The average cost overrun on North American rail projects (including streetcars) has historically been in the low 40% range. (The Feds do not cough up more funds for any overruns, BTW, so either the local taxpayers or the private-sector investors must pay for all of them)

        • Corlyss

          Where’d you get that 40% figure? My 50% was generous on the low side because my experience has been that only small, virtually insignificant projects generate overruns that modest. After all, the whole point of the original cost estimate is to plausibly low-ball the government to get a contract, which once entered into, fixes the government to the contractor as firmly as a spider fixes a fly in its web.

          • Detroit

            I am quite aware of low-balling, boondoggles, and such… I have a forum site about that; however, it is somewhat incomplete, pending upon my taking the time later to work on it.

            You asked for a reference? Why not read from Flyvbjerg, who is likely the best expert on the planet about transit cost overruns, etc?
            http://flyvbjerg.plan.aau.dk/COSTFREQ4.pdf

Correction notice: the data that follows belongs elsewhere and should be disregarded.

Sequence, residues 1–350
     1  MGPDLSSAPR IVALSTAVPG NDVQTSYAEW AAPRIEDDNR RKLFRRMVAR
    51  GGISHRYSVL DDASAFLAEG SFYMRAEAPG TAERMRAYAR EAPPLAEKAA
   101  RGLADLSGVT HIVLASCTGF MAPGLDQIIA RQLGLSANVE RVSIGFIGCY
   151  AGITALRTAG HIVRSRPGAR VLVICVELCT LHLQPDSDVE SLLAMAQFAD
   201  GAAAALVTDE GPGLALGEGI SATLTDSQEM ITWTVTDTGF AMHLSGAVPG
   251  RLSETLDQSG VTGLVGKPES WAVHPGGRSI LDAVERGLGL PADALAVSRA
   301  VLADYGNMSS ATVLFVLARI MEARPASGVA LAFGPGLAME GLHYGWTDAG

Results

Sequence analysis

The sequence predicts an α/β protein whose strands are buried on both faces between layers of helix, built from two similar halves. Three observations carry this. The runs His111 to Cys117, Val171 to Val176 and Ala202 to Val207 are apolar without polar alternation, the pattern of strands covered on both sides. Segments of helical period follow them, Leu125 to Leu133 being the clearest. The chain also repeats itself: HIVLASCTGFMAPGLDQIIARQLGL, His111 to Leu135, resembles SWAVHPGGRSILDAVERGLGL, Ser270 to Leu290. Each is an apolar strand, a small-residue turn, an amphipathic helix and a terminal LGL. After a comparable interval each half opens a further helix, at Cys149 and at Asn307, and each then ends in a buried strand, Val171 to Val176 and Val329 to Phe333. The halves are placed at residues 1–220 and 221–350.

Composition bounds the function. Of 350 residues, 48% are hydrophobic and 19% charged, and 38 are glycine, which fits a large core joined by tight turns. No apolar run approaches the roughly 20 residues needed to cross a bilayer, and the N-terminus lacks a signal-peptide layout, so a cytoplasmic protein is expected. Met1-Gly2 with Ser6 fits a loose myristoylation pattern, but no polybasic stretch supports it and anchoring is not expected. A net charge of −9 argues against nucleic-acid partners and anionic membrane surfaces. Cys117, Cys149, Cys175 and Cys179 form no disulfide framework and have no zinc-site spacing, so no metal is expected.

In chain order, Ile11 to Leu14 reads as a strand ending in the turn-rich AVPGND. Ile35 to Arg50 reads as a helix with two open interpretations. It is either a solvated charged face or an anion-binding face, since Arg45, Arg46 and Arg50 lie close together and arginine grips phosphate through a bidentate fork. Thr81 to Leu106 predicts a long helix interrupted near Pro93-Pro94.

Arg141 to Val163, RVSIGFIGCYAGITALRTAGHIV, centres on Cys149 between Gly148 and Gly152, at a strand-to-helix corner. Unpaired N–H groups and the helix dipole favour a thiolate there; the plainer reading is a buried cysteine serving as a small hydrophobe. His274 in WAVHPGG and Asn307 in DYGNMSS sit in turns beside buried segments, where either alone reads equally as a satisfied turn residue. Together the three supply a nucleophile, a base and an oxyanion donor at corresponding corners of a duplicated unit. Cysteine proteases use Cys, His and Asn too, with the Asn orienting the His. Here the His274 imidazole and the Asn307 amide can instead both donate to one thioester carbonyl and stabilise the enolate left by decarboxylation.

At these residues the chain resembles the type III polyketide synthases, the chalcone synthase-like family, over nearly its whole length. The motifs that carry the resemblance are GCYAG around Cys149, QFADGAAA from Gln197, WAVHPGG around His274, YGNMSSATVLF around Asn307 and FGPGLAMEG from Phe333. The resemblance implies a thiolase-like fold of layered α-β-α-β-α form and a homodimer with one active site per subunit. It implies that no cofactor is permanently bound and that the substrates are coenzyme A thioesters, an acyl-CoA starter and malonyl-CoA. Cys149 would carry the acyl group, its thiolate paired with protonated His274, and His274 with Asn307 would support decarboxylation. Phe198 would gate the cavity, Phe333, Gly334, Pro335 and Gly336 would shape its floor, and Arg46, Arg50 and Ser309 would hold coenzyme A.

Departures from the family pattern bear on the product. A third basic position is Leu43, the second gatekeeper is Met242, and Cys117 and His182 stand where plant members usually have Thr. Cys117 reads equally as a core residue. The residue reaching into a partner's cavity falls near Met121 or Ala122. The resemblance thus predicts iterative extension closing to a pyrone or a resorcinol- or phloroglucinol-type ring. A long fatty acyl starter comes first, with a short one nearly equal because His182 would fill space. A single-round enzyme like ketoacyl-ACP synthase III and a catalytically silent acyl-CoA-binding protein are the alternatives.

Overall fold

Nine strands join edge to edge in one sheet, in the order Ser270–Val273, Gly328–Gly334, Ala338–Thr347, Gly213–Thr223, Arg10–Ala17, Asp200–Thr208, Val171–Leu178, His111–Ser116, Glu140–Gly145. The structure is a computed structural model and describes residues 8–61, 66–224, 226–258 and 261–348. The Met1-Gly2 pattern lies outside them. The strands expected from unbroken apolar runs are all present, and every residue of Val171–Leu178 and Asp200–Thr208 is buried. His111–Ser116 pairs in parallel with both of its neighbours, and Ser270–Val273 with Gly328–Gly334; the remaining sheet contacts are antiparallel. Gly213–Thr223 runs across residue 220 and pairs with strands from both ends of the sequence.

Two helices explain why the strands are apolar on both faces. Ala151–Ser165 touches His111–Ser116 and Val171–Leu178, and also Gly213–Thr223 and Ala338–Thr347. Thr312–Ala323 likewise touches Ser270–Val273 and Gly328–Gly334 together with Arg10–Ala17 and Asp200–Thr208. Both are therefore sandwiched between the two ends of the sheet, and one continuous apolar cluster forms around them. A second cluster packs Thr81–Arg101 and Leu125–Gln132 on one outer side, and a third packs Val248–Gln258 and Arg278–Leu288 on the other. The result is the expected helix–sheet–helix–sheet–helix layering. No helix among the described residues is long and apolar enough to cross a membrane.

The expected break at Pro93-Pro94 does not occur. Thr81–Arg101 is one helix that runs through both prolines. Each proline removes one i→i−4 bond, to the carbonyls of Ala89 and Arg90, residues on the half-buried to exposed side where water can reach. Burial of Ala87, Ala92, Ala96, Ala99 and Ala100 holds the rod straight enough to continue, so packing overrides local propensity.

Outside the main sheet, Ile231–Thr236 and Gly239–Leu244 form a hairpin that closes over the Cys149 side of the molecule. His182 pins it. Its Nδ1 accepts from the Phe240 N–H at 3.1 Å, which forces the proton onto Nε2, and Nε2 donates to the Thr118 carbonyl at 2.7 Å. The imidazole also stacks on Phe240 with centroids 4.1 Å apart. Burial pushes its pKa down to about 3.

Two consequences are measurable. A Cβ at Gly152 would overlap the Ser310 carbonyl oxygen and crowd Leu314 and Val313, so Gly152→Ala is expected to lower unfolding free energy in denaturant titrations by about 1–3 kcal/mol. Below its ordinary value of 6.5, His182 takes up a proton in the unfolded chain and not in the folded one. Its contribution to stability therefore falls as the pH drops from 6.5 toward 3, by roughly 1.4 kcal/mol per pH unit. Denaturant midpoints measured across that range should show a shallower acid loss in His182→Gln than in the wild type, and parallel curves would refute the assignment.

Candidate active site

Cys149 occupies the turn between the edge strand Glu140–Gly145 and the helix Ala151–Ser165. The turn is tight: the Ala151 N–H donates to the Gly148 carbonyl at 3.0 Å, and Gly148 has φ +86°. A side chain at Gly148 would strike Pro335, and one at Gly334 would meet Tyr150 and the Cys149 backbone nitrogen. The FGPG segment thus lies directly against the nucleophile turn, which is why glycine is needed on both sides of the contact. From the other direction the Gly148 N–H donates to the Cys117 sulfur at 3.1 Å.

He has numerous other studies.

          • Corlyss

            Thanks for the reference. I’ll check it out. Say something when your site gets up and running. I spent 35 years in federal government procurement.

    • f1b0nacc1

      The catch here is that the investments do not include any coverage for operating costs. This is only ‘free money’ in the same way that the first dose of crack is free…it gets you hooked so the dealer can make his money later on down the line…
      Once the line is built, the various public sector unions will control the operation of the line, and will thus be able to blackmail the city to their hearts content. This will in fact make the current financial mess even worse for the city, but the builders will have long since taken then money and run…

      • Thirdsyphon

        I don’t know enough about this project to gainsay you, but it’s hard to imagine private investors throwing in 100m of their own money and getting no interest in or control over the resulting rail line in return. Also, if their real business plan is to extort buckets of money from the coffers of Detroit. . . then they’re idiots who will probably go off and invest in a poisonous frog petting zoo if they’re turned down on this venture.

        • f1b0nacc1

          why would they bother dealing with long term POTENTIAL payoffs, when they can take the money upfront, and bank on some sort of bond settlement down the road? Most of these investors will get their money back in kickbacks and overbilling by wholly-owned contractors up front, the actual bond purchases are little more than seed money. Remember that the investors want a payoff, whether it comes now or later is largely unimportant as long as it is a sure thing…the best way to guarantee a sure thing is to take it up front….

  • Jacksonian_Libertarian

    The Democrats solution to the big government burden crushing the life out of the economy is, More Big Government. There’s a shocker.